In the last couple of decades, several reasons have started to oust the Closed Innovation model in favor of the spread of Open Innovation. Such factors include but are not limited to globalization, the rise of information technology, the appearance of private venture capitals and the continuously expanding access to knowledge.
According to the father of the term – Henry Chesbrough, “[o]pen innovation is a paradigm that assumes that firms can and should use external ideas as well as internal ideas, and internal and external paths to market, as the firms look to advance their technology.” In other words, the Open Innovation approach puts a stress on blurring firm boundaries and permitting the free flow of knowledge in order to gain full potential of the company’s investment and to maximize its capabilities in innovation and value capture. Apparently, two major facets of the Open Innovation concept could be distinguished – outside-in, which draws external knowledge for “in-house” purposes (i.e. in-licensing), and inside-out (i.e. out-licensing, spin-offs, etc.).
In a broader aspect, Open innovation does not just narrow down to firms, consortia, investors and other economic entities. Even though firms are the main focus of attention in OI literature, the concept involves actors from different backgrounds, such as: academia, government and public institutions, individuals/users, even whole communities etc.
- The central problem for management is how to maximize the returns through internal innovation while following the Open Innovation (OI) model. OI is not just the increase on the informational input of the firm, but requires an appropriate utilization of the drawn knowledge. Therefore, finding the perfect equilibrium between inward and outward OI in order to maximize profit is a major challenge;
- Too much openness can have a negative impact on the firm’s long-term innovation process since it might lead to competence and knowledge leakages and decreased control. Closed innovation, on the other hand, deprives companies from a wide range of external benefits, hindering them from realising the full company potential. Thus, an appropriate combination between openness and adequate protection has to be found by management;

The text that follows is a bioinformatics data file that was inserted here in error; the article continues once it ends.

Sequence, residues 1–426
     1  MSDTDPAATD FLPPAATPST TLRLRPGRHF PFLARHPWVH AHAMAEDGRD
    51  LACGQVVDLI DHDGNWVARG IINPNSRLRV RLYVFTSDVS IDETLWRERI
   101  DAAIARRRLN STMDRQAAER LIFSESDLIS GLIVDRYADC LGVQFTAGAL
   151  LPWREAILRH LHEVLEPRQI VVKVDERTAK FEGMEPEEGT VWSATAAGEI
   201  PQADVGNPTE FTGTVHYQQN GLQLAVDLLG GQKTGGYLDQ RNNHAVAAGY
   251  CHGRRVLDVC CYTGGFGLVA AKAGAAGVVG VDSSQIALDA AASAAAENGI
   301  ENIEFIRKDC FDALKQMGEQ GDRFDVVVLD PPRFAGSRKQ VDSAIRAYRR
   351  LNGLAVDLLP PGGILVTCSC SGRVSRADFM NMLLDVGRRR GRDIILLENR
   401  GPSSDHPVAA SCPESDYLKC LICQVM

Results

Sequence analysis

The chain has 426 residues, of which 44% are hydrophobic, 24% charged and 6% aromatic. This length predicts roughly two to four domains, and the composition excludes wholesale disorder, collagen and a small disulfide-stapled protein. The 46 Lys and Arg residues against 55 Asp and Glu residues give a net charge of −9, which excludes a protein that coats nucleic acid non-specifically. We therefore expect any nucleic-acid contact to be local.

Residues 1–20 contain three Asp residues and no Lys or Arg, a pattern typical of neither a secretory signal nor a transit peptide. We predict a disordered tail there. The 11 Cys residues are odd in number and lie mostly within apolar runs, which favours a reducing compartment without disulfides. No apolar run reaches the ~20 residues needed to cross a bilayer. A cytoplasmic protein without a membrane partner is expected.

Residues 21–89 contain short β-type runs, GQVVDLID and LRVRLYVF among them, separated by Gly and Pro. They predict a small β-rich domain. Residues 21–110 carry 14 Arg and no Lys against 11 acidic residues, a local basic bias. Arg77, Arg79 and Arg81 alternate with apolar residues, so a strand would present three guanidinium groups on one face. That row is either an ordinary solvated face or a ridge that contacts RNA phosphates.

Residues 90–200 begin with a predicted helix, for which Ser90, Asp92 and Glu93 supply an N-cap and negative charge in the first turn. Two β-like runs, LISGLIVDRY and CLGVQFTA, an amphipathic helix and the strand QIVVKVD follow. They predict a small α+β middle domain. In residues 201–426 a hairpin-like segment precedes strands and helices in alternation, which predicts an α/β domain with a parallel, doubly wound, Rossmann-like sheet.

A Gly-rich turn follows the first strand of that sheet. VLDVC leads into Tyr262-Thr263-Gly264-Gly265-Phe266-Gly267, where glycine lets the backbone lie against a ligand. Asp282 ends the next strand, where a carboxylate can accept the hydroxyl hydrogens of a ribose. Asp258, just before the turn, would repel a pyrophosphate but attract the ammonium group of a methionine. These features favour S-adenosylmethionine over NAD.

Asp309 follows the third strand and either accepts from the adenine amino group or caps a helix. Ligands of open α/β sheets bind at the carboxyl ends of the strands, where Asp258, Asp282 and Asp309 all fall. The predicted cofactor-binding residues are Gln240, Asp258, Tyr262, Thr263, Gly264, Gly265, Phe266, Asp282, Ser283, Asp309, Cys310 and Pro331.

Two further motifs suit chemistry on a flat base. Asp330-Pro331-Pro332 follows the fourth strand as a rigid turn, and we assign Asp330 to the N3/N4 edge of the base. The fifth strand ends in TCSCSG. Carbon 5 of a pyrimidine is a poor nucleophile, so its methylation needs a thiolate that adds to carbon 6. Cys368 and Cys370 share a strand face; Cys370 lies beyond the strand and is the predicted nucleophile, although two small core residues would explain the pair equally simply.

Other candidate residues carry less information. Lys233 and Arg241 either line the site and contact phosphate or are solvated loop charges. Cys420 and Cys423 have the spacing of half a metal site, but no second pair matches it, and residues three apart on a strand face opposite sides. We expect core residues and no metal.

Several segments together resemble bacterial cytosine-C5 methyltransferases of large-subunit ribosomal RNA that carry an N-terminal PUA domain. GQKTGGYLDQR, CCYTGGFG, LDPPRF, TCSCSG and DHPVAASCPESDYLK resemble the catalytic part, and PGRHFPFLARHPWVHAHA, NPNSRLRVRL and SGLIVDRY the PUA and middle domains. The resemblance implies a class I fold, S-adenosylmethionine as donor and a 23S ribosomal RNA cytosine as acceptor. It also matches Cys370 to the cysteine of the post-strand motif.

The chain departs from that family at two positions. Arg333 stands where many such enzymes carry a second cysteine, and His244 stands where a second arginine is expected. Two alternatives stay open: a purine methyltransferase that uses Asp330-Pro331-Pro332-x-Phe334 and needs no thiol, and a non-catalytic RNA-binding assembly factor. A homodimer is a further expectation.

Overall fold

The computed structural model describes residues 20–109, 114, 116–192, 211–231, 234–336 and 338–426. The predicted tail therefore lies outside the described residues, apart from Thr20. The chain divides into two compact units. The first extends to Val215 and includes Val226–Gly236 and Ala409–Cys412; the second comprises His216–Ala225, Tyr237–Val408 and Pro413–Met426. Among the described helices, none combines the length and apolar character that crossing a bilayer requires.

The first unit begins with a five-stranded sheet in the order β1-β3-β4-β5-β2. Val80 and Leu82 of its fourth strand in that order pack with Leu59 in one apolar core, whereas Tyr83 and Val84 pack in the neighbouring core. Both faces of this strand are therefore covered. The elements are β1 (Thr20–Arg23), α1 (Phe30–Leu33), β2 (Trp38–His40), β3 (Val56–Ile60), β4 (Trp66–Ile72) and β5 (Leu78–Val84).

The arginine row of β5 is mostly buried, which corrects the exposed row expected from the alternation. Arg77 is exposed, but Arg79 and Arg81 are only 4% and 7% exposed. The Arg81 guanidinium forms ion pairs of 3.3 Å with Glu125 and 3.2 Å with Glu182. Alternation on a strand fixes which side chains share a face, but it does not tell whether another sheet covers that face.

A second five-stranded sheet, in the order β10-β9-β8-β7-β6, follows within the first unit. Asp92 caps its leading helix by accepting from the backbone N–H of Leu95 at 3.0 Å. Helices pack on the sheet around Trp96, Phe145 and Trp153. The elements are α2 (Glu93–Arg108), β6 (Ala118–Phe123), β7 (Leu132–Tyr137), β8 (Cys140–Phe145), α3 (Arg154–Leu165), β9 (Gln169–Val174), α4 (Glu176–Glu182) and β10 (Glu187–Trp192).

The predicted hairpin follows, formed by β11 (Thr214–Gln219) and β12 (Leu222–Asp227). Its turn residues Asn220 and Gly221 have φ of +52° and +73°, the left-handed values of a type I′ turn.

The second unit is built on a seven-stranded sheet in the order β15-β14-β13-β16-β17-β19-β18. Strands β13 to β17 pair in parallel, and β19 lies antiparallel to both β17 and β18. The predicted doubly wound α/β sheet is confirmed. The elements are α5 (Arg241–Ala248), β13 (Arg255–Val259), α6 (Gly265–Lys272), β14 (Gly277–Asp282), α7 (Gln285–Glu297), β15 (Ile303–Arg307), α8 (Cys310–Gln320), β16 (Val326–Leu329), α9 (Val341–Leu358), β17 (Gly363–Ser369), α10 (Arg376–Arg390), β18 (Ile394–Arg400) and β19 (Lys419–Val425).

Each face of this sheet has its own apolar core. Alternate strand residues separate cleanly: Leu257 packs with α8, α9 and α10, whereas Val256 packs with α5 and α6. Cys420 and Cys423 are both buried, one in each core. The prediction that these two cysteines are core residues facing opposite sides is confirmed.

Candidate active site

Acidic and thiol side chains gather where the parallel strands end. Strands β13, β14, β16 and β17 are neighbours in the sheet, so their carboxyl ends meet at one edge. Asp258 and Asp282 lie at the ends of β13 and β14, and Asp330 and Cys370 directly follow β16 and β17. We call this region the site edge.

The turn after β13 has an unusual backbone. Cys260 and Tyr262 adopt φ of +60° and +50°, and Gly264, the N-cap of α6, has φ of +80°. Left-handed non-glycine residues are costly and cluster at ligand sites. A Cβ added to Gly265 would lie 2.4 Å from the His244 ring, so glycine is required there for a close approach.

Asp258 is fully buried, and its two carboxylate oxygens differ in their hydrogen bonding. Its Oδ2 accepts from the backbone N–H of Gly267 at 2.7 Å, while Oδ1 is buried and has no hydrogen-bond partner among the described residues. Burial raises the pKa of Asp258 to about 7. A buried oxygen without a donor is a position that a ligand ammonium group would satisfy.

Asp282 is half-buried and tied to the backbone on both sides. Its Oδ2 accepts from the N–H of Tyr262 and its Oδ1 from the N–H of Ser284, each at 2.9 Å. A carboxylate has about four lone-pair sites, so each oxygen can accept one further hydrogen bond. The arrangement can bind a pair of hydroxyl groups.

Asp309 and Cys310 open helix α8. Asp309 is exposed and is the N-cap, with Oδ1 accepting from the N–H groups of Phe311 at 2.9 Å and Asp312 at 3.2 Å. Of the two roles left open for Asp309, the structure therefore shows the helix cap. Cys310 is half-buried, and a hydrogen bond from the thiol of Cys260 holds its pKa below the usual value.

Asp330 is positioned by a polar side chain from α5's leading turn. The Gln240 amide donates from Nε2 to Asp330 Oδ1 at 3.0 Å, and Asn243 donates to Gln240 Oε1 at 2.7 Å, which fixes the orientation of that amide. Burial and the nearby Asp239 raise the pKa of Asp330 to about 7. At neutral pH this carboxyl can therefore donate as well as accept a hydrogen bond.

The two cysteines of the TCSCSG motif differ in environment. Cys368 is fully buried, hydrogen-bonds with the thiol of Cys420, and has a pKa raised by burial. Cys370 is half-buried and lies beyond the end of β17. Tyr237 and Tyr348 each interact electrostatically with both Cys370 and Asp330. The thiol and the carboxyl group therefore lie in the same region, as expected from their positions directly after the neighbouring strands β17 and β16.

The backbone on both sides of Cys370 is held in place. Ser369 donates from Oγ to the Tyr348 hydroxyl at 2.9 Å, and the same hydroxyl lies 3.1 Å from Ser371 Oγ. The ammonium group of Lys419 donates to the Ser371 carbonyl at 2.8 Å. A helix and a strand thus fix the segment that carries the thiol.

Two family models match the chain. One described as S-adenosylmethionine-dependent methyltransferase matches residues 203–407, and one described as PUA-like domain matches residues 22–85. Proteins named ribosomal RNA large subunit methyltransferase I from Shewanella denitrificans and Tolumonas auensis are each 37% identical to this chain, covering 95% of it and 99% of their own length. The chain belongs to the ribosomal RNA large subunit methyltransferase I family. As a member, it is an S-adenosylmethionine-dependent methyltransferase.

- Firms need to become aware of the large number of actors on the scene (academic institutions, public research centers, consumers, competitors, etc.) and decide which corporate agendas can be achieved independently with internal resources and which should be pursued in collaboration. “Spotting” potentially profitable partnerships is another sub-challenge in this process;
- Motivating entities to contribute in the mutual OI effort and to generate valuable knowledge is another key management challenge. This could be achieved by the conventional method of giving financial returns to contributors (identical with the traditional closed innovation model) but other alternatives for ensuring the supply of external knowledge exist too (ensuring fame, professional and personal recognition, satisfaction, ideological motives, etc.).
Resulting Management Techniques
- Firms enhance their competitive intelligence. They tend to sponsor research, become members of trade consortia and scan the horizon for partners and useful ideas and strategies (including competitors and their resources);
- Firms become prone to consult consumers and other non-conventional actors on how to refine their products, or come up with ideas for follow-ups;
- They come up with increasingly complex methods for motivating voluntary contributions in the process of Open Innovation, i.e. providing platforms for users to give ideas on how to better a product they use, etc.;
- Firms accept to let go of IP when this will lead to value capture (spin-offs, patent pools, etc.).